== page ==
UX/UI the obstacle in finding product-market fit

Since we started appssemble in 2016 I’ve worked with a lot of founders on their digital products. During this period I noticed that a lot of founders fail to find the product-market fit and scale their products. This is usually because of running out of money and they haven’t iterated their product enough to find the market fit.

There are a lot of mistakes that founders make. Two of the most prominent ones are building something that customers don’t need and focusing too much on the way the product looks like. Those two are linked as if you’re a founder you don’t know your customer and its needs you’re going to build something based on assumptions. Instead of building a business, they are building an art project.

The best way I found to explain this concept is by using Dan Olsen’s Hierarchy of Web User Needs as this can be applied to any user-facing software product. Below, you’ll find a modified version, based on Olsen’s adaptation of the Maslow pyramid of needs.

Like in Maslow’s pyramid of human needs if the base of the pyramid is not fulfilled is irrelevant to focus on the top layers. If you’re hungry and you don’t have where to leave you won’t bother with self-fulfillment. This is also true for digital products, besides the cornerstone, the technical ones — availability, accessibility, and stability, the most vital aspect for the user is the right feature set. While the cherry on top is the UX/UI is redundant to think about it before having the product-market fit.

Why focusing on UX/UI might kill your startup?

  1. You’ll develop more features than needed — costly and decreases the extensibility of the product
  2. Eye-candy designs — pricy custom components, users will have to learn new behaviors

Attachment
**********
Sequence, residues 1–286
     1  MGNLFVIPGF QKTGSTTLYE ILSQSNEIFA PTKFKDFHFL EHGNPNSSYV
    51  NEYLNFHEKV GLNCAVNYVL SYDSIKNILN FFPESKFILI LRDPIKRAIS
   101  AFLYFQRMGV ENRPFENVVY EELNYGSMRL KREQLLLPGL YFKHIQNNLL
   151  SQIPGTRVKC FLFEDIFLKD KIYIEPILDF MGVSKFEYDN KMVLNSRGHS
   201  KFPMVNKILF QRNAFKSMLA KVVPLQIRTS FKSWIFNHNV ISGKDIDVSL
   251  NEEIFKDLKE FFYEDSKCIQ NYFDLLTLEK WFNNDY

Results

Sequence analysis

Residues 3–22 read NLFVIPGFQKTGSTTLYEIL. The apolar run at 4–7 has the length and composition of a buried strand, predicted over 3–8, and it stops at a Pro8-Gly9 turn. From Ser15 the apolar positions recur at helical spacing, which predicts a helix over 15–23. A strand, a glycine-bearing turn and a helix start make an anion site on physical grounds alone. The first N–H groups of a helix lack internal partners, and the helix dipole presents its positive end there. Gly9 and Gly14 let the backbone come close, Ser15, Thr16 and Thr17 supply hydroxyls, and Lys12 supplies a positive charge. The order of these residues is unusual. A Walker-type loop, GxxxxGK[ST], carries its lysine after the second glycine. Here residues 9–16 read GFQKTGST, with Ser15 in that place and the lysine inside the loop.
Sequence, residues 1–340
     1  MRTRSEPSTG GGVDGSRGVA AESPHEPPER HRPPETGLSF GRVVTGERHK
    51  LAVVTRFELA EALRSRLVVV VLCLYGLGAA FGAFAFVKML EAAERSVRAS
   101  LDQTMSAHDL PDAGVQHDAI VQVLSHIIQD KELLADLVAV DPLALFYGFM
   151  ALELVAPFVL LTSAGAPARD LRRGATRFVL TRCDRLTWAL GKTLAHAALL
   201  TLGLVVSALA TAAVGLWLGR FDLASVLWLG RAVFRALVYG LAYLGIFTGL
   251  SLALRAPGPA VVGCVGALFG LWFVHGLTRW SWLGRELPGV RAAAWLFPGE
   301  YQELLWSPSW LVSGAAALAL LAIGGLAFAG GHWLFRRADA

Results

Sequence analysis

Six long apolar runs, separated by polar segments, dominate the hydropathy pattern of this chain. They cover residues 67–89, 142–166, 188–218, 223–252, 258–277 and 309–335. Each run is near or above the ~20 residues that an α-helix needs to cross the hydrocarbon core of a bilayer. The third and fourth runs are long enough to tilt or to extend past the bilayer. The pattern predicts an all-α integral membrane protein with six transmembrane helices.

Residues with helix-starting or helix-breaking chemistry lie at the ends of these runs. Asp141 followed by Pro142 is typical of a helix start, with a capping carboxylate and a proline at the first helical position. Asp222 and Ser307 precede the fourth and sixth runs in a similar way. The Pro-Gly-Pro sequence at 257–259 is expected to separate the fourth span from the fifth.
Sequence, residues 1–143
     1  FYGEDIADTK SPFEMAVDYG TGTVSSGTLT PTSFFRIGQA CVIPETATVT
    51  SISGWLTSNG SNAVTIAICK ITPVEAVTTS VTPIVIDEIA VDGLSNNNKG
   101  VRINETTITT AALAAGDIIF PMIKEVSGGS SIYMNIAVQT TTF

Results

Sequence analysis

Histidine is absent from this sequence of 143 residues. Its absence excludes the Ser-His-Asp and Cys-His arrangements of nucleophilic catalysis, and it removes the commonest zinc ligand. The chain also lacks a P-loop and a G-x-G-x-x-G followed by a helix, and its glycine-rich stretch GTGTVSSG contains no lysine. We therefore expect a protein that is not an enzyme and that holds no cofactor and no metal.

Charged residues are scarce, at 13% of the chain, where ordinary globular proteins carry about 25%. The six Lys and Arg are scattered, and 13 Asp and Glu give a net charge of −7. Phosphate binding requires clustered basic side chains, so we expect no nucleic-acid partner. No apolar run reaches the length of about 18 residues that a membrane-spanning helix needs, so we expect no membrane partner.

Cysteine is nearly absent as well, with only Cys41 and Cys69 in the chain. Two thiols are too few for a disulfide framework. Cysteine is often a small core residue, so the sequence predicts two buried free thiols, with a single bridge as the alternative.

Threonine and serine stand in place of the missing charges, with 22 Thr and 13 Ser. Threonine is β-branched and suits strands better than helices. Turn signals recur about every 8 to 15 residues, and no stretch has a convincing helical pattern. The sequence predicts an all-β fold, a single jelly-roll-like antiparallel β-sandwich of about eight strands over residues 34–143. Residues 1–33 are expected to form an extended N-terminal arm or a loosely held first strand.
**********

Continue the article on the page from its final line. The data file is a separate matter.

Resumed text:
3. Won’t help the process of finding the product-market fit — increased time to market

More, unnecessary features 

The vast majority of first-time founders build digital products on a foundation of personal observations and assumptions. Going into the design phase, a lot of questions are being raised (about user paths, functionalities, screen estate, etc.), this leads to adding a lot of nice to have features to the product, because “it looks good”, “it’s better for the user experience”, or frequently because “TikTok/Instagram/Facebook/{Famous app} does it, we should too”.

This affects the MVP in numerous ways, but the most important one is that more features are going to be developed. From a technical point of view, the added complexity will result in lower extensibility and flexibility of the MVP — which are the most important elements in finding the product market fit. Secondly, it will make the founder focus on the wrong things when talking to the customer, instead of asking questions about the core feature, they would spend a lot of time discussing secondary, nice to have additions.

Custom components and behaviors

When building a product, its goal is to make life easier for its users. First-time founders come with a lot of ideas on how to make an eye-candy design and complex user interactions. They generally don’t want to use interactions that are well known and used through popular apps, as they will make their new product “too similar” to other products which don’t even operate in the same space as theirs. This leads to spending a lot of money on complex UI components and implementing a product that will probably need a tutorial or walk-through on how to use it.

The cost of developing custom UI components and reinventing the wheel can take up to 50% of the total cost of a software project based on my experience. Additionally, modifying those will also cost more, so future iterations will also suffer because of this.

Moreover, new, complex user interactions will require more time for first-time users to understand the product and actually be successful in completing its task with it.

Product-market fit

Implementing a complex, custom-made UX/UI design won’t make the founder’s job of finding the product-market fit easier either. Besides spending time on whistles and bells, a custom, complex UI design will also affect the time-to-market. It is much cheaper and faster to implement, launch and iterate a product that focuses only on the core feature and doesn’t have any advanced UI/UX designs.